When it comes to the purchase of brackets, you want to choose something that can work for the wall. Anything that works on closet rods or stairways will do. You can consult with the people at the hardware store, to help you in choosing something that is not only stable but also functional for the intended use.
If you want to get a really good set of brackets, this is the bar we would recommend to our family and friends. Its called the Vita Vibe Single Bar, and it is fully wall mountable, and won't break the bank.
Ballet Barre Height
Ideally, the barre height should be at the level of your waist. However, that is not the only way to go about it. Some people opt to go with the standard thirty-two to forty-six inches from the floor, and this works just as well. Now, here is another thing that you need to consider when choosing the ideal height: the bracket spacing.
You see, the brackets will be under the barre such that they will influence how high it will be. As such, you should consider such allowances when making the markings.
Mounting Your Ballet Bar
With this marking out of the way, the next step lies in locating the placement of studs in the wall. You have three options in this case. In the first one, you can use an electronic stud finder which will significantly ease the process. The second option involves the use of wall outlets and other such features in the location. The last option is the use of sixteen-inch increments from the wall. Some people place their barres without following through with this step, and their construction goes well. However, it is always best to take caution to avoid hitting anything that could threaten the integrity of the ballet barre.
Now it is time to measure the distance of the brackets as well as to make the appropriate markings for the same. Here, it is up to you to decide where you would like your brackets so you can have fun with the construction as long as it results in a stable structure. You need to ensure that the brackets are all at the same height and you can easily do so through the use of a level.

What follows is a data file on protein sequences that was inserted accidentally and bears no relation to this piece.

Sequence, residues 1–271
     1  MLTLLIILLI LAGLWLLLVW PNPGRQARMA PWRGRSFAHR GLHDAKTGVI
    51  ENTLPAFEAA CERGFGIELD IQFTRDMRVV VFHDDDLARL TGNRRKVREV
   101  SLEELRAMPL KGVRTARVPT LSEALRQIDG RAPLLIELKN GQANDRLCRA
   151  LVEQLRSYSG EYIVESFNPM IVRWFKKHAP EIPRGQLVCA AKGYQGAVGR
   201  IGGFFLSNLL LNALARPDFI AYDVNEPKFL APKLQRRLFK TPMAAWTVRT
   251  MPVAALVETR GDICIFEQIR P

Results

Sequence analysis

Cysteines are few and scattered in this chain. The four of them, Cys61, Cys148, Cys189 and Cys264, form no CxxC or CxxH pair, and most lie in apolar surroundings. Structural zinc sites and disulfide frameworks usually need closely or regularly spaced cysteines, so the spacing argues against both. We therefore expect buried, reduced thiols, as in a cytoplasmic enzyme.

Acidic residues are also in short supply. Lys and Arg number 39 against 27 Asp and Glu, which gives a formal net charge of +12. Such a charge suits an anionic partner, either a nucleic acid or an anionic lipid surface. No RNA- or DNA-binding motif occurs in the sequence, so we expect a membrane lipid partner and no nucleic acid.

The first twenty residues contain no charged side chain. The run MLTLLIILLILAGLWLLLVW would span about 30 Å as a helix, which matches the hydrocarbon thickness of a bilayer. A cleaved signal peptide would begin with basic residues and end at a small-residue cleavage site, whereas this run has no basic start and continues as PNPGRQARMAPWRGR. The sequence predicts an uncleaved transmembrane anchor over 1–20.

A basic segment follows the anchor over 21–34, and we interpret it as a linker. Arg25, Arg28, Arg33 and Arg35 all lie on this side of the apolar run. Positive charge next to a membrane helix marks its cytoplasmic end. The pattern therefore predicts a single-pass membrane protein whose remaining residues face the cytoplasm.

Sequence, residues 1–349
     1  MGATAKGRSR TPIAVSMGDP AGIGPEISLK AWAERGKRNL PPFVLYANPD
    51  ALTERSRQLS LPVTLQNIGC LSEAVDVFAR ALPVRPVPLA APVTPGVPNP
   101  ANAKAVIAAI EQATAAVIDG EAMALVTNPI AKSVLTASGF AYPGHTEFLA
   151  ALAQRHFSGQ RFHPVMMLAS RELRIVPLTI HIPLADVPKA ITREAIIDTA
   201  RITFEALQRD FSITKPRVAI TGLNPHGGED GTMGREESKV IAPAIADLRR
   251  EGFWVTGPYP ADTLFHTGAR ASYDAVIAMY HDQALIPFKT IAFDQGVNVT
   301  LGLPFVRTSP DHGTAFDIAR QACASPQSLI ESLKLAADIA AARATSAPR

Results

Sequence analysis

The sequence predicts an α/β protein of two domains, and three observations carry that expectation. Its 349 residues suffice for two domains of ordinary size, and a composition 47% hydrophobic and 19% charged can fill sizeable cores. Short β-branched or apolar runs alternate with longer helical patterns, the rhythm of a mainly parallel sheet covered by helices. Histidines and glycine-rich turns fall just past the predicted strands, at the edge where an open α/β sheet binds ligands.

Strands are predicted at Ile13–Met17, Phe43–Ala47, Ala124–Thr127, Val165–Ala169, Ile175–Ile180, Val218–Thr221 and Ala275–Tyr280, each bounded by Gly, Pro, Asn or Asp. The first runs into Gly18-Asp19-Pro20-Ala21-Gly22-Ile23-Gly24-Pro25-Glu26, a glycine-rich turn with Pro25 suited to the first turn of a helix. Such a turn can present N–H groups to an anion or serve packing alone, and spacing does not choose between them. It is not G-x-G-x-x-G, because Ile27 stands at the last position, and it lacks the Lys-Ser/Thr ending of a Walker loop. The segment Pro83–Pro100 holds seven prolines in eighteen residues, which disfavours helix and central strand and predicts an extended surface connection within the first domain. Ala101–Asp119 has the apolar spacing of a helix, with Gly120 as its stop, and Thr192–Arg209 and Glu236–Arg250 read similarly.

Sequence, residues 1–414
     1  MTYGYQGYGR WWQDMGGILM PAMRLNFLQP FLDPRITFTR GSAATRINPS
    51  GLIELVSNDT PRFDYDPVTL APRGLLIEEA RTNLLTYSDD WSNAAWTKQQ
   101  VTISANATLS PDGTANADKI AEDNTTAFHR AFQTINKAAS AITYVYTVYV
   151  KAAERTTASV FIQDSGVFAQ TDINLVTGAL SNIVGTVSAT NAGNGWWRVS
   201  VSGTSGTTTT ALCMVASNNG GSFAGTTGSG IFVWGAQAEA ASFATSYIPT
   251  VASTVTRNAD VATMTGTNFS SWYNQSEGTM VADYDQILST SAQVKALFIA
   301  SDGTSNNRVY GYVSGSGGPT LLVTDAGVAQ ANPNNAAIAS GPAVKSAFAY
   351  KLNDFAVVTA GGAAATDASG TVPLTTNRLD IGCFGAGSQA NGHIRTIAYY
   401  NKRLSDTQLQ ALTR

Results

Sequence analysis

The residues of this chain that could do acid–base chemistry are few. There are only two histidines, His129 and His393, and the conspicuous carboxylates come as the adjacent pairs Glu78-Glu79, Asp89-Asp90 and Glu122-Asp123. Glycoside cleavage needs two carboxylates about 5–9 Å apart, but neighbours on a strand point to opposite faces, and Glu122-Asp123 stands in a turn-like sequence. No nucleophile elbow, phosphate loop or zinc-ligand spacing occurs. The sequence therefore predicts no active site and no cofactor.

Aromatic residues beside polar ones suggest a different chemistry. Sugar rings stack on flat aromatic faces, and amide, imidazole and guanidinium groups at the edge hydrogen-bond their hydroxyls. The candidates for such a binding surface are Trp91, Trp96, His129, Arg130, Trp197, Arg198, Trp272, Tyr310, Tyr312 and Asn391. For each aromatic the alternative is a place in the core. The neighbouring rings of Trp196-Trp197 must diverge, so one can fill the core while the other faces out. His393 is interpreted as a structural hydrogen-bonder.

The length of your ballet barre will ultimately affect the number of brackets that you need to use as well as the spacing for the same. Take an example of a case where you wish to have a four-foot ballet barre. Here, you would require to have two brackets which you would space thirty-two inches apart, ensuring that there is an eight-inch overhang in place. An eight-foot barre would need twice of these measurements.
For a six foot barre, you would require a spacing of forty-eight inches, coupled with a twelve-inch overhang, while for a ten-foot barre, you would need an eighty-inch spacing with a twenty-inch overhang. You can play about with these measurements to figure out what would work best in your case. The bigger the barre, the more the work in store for you will be. Take an example of a sixteen-foot barre. Here, you would need three brackets. One of the brackets would require centering with a spacing of eighty inches on either side, coupled with a sixteen-inch overhang.
Putting Everything Together
Once the markings are in place, everything else will fall into place with ease. All that matters is that they are all level and the structure should hold for all your practice sessions. You will need a power drill to place the brackets on the wall. The type, as well as the size of your brackets, will affect the number of screws you will need for the process. You will need a screw with which to attach the bracket to the wall as well as another which you will use to connect the same to the dowel.
You will need to make markings on the dowel, ensuring that they are like those on the wall. You can then make holes in the dowel which you will use to attach the brackets. If you are new at DIY, it helps to attach the brackets to the dowel before moving the structure to the wall. Also, having people to help you with the leveling and the markings will make the process much more manageable. In the end, you should have a steady ballet barre, ready for use. All the best!
Author’s bio: Born in 1971, in Farmington, MI, Jessica grew up in a warm family environment. Her father is an Electrical Engineer and Inventor, and her mother is a Veterinarian, with two siblings and a very large backyard. Jessica runs her own blog where she writes about different home appliances.